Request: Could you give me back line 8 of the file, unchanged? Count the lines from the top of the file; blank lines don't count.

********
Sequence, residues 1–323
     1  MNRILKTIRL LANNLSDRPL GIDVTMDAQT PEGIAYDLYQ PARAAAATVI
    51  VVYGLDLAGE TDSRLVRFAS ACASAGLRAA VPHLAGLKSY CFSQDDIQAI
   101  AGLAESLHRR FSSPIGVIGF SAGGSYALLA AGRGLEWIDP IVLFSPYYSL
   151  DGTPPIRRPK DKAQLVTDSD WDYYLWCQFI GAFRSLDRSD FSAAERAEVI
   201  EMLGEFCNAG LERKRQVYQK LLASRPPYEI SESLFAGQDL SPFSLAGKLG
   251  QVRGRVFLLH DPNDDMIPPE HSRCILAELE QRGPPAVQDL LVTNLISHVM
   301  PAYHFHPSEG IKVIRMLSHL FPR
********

   301  PAYHFHPSEG IKVIRMLSHL FPR